Yule SchmidtWine enthusiasts love to travel – a pastime that the pandemic has rudely interrupted. As a result, many of us are hatching plans for future trips, or at least picturing ourselves in rugged Priorat or manicured Bordeaux as we refill our glasses with the eponymous wine.

I find myself thinking a lot about Germany and the many Weinfeste that would normally be underway around this time.

While Weinfeste abound throughout Germany’s wine regions, my fondest memories belong to the local fests in the villages of Baden, where my grandmother lived. Simply put, these are harvest celebrations, like those that exist elsewhere in the wine world. Yet Weinfest holds particular significance to me because it encapsulates everything I love about German culture: the food, the wine, the sense of community built around shared traditions, and, above all, the unspoken wisdom that the finest things in life are often its simplest.

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Each festival usually takes place over two or three days. Typically situated in the town square, Weinfest is free and open to all. Booths featuring local vintners, butchers selling sausages, and charities selling traditional nosh like “Striebli” (an addictive, giant donut, much like a funnel cake) are set up in a somewhat random fashion. Some booths are tiny six-foot hexagonal kiosks, open on all sides with standing room only, whereas others have covered patios with long communal tables adorned with lanterns.

Most vintners produce exclusively for local clientele, yet this is not a comment on their quality. There is no assumed division between the simple and the fine here. The first movement of Beethoven’s Moonlight Sonata is famously simple. Yet to execute it well takes impressive skill, placing it among the finest piano pieces ever written. The analogy applies equally well to many of the world’s finest wines, not least Germany’s.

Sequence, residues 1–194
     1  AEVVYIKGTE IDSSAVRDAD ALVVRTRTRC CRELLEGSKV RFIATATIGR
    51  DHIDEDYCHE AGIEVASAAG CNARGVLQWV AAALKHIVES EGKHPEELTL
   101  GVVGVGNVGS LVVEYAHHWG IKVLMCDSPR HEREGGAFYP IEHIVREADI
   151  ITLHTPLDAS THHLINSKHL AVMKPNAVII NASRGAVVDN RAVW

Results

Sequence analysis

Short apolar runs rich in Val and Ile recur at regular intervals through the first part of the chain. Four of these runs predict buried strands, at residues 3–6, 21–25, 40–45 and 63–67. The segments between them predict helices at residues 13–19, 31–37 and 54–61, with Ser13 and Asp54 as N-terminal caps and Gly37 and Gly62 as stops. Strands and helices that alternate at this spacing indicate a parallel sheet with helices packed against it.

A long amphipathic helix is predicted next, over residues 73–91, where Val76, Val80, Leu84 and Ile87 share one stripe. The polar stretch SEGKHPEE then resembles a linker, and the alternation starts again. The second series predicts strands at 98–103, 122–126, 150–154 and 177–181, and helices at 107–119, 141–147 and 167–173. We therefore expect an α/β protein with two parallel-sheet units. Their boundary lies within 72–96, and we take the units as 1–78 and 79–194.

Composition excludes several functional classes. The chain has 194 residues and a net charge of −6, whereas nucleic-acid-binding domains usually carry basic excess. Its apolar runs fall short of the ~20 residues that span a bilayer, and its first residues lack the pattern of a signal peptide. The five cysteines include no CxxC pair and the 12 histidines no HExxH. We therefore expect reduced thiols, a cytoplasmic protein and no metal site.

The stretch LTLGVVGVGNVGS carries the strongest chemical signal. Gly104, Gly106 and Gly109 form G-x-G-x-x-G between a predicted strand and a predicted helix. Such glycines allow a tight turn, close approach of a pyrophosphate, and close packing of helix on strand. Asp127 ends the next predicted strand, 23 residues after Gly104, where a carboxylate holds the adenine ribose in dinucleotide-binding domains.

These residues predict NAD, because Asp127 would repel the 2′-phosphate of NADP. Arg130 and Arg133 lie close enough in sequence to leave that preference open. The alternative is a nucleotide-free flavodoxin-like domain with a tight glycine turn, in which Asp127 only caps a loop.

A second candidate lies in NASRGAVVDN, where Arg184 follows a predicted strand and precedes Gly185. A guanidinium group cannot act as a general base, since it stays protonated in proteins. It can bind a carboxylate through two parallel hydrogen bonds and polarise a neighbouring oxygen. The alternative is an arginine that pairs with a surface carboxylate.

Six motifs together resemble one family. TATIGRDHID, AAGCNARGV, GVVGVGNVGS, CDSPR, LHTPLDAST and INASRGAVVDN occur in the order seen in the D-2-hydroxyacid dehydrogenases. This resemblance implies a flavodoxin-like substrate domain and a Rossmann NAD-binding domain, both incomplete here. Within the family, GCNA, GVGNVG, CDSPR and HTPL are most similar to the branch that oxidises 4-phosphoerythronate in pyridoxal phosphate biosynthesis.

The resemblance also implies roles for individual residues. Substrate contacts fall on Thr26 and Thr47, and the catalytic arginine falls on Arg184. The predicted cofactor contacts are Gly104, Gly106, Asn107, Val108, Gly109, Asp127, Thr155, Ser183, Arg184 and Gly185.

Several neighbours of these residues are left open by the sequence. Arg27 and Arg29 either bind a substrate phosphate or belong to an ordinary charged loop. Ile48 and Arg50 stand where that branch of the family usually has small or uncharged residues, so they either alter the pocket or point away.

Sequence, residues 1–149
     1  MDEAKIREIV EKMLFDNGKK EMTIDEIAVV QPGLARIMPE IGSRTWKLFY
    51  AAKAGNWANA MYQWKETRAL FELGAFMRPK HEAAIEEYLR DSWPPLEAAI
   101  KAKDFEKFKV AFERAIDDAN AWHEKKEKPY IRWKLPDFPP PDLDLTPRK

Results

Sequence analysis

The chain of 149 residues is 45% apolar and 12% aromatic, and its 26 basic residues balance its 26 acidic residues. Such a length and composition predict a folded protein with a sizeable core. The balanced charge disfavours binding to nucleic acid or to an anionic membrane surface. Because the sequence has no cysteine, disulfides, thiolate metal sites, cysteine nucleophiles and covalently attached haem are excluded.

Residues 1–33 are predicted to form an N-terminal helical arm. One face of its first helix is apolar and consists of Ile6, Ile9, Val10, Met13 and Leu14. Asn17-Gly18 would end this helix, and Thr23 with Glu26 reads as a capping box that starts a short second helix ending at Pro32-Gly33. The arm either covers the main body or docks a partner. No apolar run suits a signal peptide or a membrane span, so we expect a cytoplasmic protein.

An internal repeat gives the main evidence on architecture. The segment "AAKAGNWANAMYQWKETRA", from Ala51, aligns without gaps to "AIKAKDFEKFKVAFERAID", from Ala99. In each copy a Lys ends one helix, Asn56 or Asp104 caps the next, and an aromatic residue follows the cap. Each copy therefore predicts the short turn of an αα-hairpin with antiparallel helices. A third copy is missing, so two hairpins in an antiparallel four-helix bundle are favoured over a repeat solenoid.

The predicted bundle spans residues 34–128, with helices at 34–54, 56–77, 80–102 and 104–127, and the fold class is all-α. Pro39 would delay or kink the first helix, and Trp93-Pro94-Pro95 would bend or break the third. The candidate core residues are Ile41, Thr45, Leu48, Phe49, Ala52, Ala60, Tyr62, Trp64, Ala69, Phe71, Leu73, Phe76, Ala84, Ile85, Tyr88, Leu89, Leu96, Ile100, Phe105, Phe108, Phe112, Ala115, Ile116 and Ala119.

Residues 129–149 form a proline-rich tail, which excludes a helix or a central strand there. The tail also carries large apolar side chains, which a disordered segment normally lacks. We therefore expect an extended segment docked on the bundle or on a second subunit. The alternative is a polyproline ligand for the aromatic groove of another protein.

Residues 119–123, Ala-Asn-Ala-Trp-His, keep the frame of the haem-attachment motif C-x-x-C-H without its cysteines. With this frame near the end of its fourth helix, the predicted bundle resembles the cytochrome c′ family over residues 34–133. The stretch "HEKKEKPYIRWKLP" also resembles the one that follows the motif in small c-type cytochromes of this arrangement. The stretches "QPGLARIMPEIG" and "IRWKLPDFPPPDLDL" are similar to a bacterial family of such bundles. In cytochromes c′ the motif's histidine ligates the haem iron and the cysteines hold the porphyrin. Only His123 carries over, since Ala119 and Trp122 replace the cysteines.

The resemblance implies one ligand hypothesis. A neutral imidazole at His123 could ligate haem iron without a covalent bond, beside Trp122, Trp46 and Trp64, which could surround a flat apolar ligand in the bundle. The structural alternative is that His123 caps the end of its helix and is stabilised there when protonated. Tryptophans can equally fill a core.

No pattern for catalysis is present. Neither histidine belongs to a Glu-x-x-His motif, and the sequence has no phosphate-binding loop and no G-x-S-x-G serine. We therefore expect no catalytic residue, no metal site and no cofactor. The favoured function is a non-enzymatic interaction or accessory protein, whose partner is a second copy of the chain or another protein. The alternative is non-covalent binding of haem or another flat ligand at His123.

The festival usually kicks off with a small parade (yes, I concede, involving tubas), along with the local “Wine Queen” coronation. Following that, everyone is free to wander around and come and go as they please. There are no security guards, and there are no fences.

To partake of the liquid offerings, you can visit any booth and pay a 2€ Pfand (collateral) for a proper wine glass, not only embossed with the village and year but handily marked with a 100ml line, that being the going sample size. At the end of the night, you can either return the glass to any booth and recoup your Pfand or keep the glass as a souvenir, which I always do.

With glass in hand, you are then free to find a booth, peruse the menu of 6-10 wines priced between 1€-5€ per sample, get a refill, and wander on. Interestingly, there are only a few spittoons, typically used just in those situations when a wine is not to your taste, rather than to spare yourself the effects of alcohol. The atmosphere is relaxed imbibing, not serious tasting yet, despite the ample amounts of free-flowing wine, I’ve never seen a broken glass.

It is a personal dream of mine to establish a festival like this in Canada. Having attended a few “Winefests” here over the years, I’ve found them enjoyable yet over-regulated and uninspiring. People may get more dressed up, and they may purchase samples of pricier wines, but in my opinion, the German Weinfest, for all its simplicity, remains the better experience.

Many Weinfeste were unfortunately cancelled again this year, but hopefully by the next vintage they will be back in full swing. For now, we’ll all have to travel vicariously through glasses of German Riesling or Weissburgunder.

Those who seek cultural immersion and enjoy mingling with locals are well-advised to consider touring Germany’s Weinfest circuit on future trips. There is no better way to experience German culture at its most authentic.

Yule is COO of InVintory, an innovative wine collecting app based in Toronto. With an extensive background in wine, from working at a winery to managing private cellars, she aims to demystify the world of wine, helping people proceed through it with confidence and thereby unlock the pleasure that this ancient tradition can offer.

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